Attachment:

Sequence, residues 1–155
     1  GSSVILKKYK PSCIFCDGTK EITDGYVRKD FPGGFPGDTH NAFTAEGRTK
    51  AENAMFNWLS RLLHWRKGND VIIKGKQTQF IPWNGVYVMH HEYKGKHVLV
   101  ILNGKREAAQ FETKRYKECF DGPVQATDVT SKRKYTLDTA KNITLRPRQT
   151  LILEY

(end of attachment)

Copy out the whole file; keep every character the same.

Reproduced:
Sequence, residues 1–155
     1  GSSVILKKYK PSCIFCDGTK EITDGYVRKD FPGGFPGDTH NAFTAEGRTK
    51  AENAMFNWLS RLLHWRKGND VIIKGKQTQF IPWNGVYVMH HEYKGKHVLV
   101  ILNGKREAAQ FETKRYKECF DGPVQATDVT SKRKYTLDTA KNITLRPRQT
   151  LILEY